Published on 4 July 2012
Exciting new research at the University of the Sunshine Coast into a pavement structure that promotes water harvesting to aid urban tree growth has won a $150,000 Federal Government grant.
USC Senior Lecturer in Civil Engineering Dr Terry Lucke will receive the competitive Australian Research Council (ARC) Linkage Project grant for his work in designing a permeable paving bed with an underlying reservoir.
“We are trying to develop pavers that are basically self-sufficient tree pods that can store water in times of drought — sort of like an underwater tank system under the pavement,” he explained.
“The added bonus of this design is that pavement damage will be reduced because the trees roots won’t go up to the top of the pavement seeking water.”
The Government’s ARC Linkage Project scheme supports collaborative research projects between higher education researchers and partner organisations. The partner organisation for Dr Lucke’s research is the Sunshine Coast Council.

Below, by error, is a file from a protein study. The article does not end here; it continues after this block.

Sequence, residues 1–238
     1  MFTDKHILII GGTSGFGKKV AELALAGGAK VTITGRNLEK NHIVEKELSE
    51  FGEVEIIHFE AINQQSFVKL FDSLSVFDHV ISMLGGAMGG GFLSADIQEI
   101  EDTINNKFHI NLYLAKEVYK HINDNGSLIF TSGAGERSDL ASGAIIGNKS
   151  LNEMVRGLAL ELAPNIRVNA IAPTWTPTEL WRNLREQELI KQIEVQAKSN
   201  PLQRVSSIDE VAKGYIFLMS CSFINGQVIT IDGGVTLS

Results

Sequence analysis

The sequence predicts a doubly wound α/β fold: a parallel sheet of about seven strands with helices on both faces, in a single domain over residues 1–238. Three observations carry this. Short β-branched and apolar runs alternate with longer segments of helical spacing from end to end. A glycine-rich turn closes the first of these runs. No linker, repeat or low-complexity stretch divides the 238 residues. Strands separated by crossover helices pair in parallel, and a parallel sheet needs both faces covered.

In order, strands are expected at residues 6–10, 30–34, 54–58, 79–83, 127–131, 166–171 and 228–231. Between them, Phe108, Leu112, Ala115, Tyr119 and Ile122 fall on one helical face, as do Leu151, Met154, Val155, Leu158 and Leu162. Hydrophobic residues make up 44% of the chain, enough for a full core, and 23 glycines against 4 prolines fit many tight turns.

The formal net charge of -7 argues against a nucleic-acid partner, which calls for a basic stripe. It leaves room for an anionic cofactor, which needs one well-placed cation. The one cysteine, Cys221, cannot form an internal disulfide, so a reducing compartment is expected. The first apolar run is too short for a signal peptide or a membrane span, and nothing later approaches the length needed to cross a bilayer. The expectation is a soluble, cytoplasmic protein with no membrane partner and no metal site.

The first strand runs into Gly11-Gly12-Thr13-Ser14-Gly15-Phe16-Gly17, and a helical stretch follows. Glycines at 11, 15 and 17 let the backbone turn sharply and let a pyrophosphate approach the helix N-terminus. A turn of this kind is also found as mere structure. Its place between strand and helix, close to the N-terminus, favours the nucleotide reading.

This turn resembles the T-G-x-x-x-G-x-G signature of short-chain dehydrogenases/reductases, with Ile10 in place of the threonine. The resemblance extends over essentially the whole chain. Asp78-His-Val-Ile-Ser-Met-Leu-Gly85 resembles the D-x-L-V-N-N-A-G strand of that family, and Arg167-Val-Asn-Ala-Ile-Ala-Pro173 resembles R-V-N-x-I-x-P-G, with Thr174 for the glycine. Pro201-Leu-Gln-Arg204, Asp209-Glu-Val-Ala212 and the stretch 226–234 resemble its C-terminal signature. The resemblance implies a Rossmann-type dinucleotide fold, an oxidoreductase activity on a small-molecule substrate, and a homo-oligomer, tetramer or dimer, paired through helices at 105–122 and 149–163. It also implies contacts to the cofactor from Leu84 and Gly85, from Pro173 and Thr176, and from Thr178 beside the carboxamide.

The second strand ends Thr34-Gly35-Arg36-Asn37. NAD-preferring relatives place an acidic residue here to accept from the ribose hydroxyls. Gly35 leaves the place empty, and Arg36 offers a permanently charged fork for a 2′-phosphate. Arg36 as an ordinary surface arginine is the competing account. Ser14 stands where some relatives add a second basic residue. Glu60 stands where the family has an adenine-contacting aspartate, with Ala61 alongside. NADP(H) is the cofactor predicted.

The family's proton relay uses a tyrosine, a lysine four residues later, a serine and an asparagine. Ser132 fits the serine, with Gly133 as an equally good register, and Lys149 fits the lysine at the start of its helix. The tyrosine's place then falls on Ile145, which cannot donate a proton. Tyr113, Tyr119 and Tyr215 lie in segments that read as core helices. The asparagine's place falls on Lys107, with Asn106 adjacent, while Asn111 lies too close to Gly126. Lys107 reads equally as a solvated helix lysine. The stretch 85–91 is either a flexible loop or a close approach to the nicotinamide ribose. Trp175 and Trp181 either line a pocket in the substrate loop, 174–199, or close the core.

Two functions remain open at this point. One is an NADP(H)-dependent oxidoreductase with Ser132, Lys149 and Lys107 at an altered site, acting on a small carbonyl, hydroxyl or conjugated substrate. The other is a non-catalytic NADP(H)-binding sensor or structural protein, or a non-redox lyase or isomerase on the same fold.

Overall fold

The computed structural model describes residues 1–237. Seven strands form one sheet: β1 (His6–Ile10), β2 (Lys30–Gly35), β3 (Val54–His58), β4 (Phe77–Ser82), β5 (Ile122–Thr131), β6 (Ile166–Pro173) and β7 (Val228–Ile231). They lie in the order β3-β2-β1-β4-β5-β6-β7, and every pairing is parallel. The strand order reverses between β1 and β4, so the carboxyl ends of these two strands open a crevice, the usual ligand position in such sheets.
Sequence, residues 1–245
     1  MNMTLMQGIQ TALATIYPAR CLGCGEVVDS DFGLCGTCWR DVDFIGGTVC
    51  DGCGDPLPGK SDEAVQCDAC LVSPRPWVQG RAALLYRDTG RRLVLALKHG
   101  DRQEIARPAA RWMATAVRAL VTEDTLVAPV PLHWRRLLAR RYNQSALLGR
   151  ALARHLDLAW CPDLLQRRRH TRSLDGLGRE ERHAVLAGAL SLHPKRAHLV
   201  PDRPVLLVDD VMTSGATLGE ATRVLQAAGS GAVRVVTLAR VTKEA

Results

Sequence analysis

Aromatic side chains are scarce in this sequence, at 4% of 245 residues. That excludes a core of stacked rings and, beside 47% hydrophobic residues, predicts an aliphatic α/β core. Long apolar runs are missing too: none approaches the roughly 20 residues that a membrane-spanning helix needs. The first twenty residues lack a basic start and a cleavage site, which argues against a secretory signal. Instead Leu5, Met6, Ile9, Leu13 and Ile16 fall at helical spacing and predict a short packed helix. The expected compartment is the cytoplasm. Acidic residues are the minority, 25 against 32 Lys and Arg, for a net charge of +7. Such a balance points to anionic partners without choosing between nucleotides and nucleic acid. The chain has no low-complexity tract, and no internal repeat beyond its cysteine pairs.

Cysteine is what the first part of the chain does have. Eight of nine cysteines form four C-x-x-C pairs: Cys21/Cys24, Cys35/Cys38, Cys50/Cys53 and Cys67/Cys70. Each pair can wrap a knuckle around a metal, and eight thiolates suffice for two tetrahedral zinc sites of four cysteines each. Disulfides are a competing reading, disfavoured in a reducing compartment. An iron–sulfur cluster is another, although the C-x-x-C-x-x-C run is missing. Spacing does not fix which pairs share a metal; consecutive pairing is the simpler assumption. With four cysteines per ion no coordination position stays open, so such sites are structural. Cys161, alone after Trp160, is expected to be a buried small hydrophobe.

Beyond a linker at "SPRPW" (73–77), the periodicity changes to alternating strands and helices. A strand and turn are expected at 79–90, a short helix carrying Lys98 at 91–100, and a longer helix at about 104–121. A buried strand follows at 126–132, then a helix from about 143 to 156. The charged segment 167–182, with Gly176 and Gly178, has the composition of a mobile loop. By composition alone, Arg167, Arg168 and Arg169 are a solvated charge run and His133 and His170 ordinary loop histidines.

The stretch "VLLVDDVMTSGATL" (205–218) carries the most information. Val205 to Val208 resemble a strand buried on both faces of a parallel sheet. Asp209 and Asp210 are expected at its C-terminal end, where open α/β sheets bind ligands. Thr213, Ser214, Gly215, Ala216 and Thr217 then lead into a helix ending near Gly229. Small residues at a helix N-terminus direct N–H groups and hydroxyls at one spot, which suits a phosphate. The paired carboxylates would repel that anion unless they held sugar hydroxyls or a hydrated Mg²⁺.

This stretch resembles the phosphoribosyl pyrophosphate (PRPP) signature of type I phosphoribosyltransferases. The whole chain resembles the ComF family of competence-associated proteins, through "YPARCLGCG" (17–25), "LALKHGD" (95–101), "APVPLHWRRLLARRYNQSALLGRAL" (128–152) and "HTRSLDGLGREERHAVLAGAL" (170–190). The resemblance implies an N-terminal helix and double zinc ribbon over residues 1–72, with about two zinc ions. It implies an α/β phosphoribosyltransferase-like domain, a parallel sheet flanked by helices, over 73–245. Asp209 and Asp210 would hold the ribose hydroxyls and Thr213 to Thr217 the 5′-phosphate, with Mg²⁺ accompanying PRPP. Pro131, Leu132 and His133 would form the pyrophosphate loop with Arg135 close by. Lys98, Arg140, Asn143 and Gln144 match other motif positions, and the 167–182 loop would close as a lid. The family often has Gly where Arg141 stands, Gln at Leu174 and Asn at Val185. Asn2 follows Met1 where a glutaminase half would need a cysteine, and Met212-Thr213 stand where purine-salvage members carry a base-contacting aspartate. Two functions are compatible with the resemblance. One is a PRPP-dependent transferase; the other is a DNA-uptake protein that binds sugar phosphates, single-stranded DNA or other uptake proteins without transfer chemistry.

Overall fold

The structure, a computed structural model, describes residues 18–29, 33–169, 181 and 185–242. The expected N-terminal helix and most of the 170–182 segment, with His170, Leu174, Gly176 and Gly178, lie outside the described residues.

“This type of investigation can be of benefit to councils who are often reluctant to plant street trees because there are maintenance issues and they have to water them,” Dr Lucke said.
“If we can come up with a good pavement design that minimises street damage and is basically self-sufficient, resulting in less maintenance in terms of trees, then everybody wins.”
The ARC Linkage Project grants were announced on Saturday 30 June by Federal Minister for Science and Research Senator Chris Evans.
USC’s Pro Vice-Chancellor for Research Professor Roland De Marco said the research grant was a fantastic outcome and testimony of the excellence of Dr Lucke’s research.
“This will give Dr Lucke enhanced credibility, and the funding and associated activity will give him tremendous research momentum,” he said.
— Michelle Widdicombe